Grazing experiment at Schothorst Feed Research

Publication date: 01-11-2016

A grazing experiment was carried out at Schothorst Feed Research from June until September 2016. This experiment is part of a larger project were the main research topic is the combination of grazing and reduction of ammonia emissions. This project was financed by the Ministry of Economic Affairs and executed in collaboration with NMI-Agro.

Currently, there is a lot of attention for whether dairy cows get access to pasture or not. Farmers in the Netherlands can receive a bonus for the milk of cows which have access to pasture for at least 6 hours per day and 120 days a year. Ammonia emissions from dairy farms can also be reduced when cows have access to pasture. Ammonia emission is difficult to measure, especially with cows on pasture. NMI-Agro developed an ammonia emission model to predict the ammonia emission based on ration components, period access to pasture, animal features and housing features.

In this experiment 48 cows had either 5 or 10 hours access to pasture and received two different concentrate strategies: Control or Synchronous. In the Synchronous feeding treatment, energy and protein from concentrate was divided over the day to synchronize energy and protein fermentation in the rumen. The effects of grazing duration and synchronisation on milk production and composition was followed for 17 weeks. Also 20 cows were equipped with activity sensors to the neck and leg.

In ration optimisation grass intake from pasture is often an unknown factor. In this experiment, NMI-Agro conducted, together with students, a lot of measurements on grass intake and grass quality. In 14 measurement periods of 3, 4 or 5 days grass yield before grazing and after grazing was measured and grass intake was calculated. The grass intake data will be compared to the behavioural data from the neck sensor to study the potential of predicting grass intake from activity sensors. Also several sensors to estimate grass yield and nitrogen content were tested, for example, the pasture height meter and CropScan. All these measurements asked for a lot of labour and flexibility, because with grazing we have to deal with the weather conditions.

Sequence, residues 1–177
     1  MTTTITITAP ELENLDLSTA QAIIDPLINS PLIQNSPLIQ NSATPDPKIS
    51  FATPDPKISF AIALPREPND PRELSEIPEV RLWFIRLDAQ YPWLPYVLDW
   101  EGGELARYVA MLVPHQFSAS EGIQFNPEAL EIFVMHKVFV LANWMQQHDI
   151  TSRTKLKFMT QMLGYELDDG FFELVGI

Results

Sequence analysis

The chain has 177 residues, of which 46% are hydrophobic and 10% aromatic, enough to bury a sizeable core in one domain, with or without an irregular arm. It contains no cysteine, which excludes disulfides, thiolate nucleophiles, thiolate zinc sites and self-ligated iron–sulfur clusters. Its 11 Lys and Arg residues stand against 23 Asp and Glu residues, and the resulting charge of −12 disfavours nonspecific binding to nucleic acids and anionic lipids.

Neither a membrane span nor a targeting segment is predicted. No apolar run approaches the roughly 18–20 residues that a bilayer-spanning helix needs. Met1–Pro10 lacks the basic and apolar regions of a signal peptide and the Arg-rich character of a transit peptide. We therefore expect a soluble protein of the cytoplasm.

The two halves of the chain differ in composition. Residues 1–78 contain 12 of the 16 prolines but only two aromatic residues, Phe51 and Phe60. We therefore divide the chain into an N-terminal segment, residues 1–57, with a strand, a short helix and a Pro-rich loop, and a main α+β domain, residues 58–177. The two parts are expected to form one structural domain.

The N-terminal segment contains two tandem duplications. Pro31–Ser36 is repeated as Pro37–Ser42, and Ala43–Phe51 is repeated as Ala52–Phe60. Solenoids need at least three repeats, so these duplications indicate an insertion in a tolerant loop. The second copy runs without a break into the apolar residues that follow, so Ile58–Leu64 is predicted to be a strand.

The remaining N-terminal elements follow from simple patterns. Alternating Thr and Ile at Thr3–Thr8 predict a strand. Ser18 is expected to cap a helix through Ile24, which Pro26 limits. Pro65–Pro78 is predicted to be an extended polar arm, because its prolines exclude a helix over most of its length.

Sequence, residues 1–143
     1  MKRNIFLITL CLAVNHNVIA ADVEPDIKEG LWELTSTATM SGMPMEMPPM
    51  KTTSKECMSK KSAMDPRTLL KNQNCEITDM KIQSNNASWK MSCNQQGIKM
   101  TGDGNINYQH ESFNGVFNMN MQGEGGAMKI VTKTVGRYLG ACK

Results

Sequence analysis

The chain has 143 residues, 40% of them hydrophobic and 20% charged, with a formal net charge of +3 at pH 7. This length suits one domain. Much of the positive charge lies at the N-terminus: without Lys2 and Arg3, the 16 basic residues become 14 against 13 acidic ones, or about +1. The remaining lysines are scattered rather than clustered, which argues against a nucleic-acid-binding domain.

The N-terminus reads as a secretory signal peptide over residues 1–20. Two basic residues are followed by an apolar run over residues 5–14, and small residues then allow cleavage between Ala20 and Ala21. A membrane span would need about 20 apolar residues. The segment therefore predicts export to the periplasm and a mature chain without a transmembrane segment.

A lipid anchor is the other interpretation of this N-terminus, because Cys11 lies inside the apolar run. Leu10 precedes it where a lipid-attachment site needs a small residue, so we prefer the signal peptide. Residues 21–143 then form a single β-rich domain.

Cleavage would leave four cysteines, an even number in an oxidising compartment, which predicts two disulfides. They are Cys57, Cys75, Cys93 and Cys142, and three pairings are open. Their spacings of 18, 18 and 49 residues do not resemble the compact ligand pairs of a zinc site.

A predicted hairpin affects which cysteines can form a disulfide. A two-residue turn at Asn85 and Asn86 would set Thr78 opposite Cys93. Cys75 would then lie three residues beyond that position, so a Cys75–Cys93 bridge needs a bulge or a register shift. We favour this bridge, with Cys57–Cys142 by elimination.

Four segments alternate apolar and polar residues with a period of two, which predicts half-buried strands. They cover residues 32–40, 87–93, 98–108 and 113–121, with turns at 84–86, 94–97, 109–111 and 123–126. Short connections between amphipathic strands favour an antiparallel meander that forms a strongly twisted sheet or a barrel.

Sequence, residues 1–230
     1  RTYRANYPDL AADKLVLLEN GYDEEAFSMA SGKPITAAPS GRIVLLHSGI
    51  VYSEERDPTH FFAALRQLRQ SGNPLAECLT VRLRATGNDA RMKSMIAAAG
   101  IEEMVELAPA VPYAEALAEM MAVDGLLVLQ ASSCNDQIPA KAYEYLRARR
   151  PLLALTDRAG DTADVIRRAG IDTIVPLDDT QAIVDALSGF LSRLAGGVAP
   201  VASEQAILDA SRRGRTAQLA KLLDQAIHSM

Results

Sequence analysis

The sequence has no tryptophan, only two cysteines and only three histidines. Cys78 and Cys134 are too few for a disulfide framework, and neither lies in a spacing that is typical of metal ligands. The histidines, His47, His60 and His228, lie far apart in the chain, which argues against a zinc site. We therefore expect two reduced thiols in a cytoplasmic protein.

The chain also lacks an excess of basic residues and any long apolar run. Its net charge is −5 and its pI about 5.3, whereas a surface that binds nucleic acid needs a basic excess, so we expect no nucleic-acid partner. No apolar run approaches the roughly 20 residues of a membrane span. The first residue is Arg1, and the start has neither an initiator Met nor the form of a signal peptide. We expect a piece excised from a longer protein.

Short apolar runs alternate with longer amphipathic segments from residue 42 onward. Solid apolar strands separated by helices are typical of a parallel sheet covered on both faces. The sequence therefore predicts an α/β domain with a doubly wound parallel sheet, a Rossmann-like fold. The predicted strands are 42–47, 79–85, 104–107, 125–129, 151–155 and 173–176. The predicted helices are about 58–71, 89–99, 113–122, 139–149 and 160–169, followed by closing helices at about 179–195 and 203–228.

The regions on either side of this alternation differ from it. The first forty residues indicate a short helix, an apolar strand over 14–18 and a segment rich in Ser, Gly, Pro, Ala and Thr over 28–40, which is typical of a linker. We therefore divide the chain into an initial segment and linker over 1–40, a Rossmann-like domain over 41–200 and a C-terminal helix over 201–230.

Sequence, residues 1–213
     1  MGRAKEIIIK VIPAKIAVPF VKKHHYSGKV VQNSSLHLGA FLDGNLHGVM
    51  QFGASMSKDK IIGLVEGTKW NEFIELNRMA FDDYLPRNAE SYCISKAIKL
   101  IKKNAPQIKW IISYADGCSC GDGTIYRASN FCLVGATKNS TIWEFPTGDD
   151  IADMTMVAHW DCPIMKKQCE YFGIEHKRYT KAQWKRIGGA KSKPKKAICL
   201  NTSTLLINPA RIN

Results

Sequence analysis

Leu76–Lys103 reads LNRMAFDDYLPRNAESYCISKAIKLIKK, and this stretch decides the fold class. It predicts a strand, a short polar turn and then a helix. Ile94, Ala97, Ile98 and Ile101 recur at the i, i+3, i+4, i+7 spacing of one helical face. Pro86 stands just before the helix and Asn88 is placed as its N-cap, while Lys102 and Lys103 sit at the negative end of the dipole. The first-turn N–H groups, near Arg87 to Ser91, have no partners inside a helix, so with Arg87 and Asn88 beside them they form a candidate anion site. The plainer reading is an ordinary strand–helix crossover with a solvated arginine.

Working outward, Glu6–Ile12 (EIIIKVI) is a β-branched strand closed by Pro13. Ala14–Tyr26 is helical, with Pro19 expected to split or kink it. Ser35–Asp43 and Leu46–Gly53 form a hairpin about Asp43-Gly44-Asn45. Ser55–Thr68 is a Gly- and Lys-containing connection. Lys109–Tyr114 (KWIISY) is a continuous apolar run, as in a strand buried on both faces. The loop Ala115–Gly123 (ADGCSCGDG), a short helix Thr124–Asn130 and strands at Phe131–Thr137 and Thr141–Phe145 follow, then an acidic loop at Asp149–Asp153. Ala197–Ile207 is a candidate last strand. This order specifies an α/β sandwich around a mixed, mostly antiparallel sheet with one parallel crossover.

Next to the grazing experiment, a digestibility trial was carried out to measure DM, CP, ZET and NDF digestibility. The rations from pasture were fed to individual cows trough Calan gates and cows had either 5 or 10 hours access to fresh cut grass. At this moment, data is processed and prepared for statistical analyses or model optimization. The results of the grazing experiment will be used to optimize our advice concerning grazing, production and ammonia emission. 

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